The United Nations-backed high-level anti-corruption body – Independent Joint Anti-Corruption Monitoring and Evaluation Committee (MEC) has said that at least 50 per cent of Afghanistan’s $700 to $800 million pharmaceutical import market consists of illegally imported products.
Eva Joly, an international member of the MEC said the importation process of medicines is highly vulnerable to corruption, from registration of foreign pharmaceutical companies, to the registration documents themselves, to laboratory-based quality control.
Another member of the Committee, Prof. Mohammad Yasin Osmani expressed concerns over the abundance of substandard pharmaceuticals in the Afghan market and said “The health of people of Afghanistan is under threat.”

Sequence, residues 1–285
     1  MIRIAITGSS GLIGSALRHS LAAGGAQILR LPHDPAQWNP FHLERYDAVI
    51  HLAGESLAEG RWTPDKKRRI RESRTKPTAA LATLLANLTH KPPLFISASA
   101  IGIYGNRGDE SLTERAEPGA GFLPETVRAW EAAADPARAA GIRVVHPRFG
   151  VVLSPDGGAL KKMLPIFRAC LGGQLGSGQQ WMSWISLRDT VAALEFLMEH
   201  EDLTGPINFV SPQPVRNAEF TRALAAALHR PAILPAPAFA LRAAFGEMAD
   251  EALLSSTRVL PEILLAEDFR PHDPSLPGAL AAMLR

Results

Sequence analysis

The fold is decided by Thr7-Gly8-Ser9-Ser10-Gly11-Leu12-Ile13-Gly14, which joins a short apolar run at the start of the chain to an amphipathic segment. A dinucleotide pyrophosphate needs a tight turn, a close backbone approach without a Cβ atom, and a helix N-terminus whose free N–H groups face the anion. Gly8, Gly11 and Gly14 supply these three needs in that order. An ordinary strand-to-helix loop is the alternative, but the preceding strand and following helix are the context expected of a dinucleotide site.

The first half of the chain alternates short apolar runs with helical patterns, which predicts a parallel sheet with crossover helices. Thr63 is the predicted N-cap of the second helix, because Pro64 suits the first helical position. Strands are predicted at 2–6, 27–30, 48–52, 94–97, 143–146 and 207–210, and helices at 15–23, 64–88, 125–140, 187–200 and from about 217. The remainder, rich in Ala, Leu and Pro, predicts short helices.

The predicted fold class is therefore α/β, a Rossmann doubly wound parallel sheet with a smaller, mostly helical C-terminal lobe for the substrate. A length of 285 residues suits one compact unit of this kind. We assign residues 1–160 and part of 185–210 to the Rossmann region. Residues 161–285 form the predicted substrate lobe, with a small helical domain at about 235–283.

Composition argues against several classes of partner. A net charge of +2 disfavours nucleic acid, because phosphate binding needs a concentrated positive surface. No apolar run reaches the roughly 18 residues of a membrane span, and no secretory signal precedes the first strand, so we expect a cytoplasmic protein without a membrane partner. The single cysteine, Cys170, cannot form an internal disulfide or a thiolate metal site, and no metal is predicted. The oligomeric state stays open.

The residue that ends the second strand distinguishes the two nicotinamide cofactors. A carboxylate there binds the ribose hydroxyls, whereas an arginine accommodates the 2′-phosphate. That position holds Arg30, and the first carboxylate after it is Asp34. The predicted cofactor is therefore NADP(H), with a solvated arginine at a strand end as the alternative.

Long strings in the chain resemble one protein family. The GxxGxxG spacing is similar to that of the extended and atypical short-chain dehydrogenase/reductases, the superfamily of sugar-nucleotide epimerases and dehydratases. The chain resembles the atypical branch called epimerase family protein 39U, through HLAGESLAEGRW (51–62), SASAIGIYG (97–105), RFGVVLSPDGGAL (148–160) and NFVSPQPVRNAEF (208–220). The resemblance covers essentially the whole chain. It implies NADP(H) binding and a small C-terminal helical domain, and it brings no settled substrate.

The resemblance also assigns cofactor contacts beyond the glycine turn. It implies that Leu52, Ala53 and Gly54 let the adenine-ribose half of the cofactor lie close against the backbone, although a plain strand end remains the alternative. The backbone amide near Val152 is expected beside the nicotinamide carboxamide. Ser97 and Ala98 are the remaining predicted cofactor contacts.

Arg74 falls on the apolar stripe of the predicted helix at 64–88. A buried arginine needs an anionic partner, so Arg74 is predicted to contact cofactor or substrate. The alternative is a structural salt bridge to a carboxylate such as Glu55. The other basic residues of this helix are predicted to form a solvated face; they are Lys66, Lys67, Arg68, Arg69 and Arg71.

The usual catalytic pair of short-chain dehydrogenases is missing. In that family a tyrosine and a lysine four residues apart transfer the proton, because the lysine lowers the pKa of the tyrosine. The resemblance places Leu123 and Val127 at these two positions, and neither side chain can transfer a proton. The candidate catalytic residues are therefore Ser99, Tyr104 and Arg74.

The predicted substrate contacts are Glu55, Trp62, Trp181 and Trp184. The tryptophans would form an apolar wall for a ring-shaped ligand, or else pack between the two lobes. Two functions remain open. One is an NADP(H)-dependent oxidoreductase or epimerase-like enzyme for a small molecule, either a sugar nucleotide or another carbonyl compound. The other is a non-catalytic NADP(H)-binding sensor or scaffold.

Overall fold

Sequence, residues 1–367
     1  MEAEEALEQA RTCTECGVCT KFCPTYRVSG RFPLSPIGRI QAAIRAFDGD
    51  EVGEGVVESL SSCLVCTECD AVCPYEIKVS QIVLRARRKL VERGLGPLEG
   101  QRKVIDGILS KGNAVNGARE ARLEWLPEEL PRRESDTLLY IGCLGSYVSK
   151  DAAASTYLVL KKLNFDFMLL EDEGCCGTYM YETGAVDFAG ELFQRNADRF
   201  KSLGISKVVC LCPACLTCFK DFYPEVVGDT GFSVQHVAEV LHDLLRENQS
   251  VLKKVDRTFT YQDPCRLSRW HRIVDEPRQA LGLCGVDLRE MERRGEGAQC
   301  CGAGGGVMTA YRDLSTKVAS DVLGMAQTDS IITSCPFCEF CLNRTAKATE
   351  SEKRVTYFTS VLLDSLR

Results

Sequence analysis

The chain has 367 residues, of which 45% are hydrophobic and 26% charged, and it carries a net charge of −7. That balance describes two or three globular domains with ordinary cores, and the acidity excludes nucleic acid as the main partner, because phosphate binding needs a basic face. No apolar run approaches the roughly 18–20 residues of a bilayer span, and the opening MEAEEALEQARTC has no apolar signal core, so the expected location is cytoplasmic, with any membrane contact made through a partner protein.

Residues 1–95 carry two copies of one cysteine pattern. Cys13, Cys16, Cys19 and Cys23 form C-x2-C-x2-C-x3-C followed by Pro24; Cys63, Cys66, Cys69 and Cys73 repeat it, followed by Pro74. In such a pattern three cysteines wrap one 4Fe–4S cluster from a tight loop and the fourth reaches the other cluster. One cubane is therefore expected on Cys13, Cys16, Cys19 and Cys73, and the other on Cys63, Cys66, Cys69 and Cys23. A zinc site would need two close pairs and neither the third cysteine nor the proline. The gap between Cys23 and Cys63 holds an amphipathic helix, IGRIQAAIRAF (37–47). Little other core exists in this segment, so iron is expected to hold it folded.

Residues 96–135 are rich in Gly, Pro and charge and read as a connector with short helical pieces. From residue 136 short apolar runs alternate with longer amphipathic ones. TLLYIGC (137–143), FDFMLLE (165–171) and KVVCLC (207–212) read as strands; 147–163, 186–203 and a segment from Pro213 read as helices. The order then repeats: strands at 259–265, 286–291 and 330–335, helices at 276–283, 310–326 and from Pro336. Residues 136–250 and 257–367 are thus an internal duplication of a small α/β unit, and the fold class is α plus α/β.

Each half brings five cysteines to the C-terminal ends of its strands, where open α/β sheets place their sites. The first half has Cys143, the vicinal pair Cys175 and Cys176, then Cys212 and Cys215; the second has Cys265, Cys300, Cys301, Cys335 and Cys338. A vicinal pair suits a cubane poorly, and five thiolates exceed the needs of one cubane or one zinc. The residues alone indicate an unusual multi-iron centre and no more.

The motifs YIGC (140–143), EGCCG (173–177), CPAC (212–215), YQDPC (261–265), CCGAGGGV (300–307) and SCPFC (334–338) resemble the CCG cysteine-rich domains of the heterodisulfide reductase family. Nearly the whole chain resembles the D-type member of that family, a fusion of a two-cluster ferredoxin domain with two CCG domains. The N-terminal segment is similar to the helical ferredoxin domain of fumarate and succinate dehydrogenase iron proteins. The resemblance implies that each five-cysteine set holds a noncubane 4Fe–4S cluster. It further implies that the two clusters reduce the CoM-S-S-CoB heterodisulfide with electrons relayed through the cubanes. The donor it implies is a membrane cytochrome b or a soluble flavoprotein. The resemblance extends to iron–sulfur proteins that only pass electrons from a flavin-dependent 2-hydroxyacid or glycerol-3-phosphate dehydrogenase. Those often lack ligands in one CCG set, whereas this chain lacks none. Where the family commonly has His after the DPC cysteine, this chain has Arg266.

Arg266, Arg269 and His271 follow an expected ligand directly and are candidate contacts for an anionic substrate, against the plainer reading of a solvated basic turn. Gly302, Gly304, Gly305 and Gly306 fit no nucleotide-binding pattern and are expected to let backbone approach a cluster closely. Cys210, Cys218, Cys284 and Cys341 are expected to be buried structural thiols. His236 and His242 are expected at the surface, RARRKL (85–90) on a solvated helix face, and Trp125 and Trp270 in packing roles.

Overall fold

Osmani further added “There is no mechanism currently in place to control the market.”
While presenting the report, the MEC members recommended controlling more effectively the quality and volume of pharmaceutical products entering Afghanistan through a range of reforms to the registration and licensing processes.
Similarly they urged for promoting technical surveillance and monitoring capacities to ensure that production and import companies are adequately vetted and that pharmaceuticals entering the country are subjected to rigorous quality controls.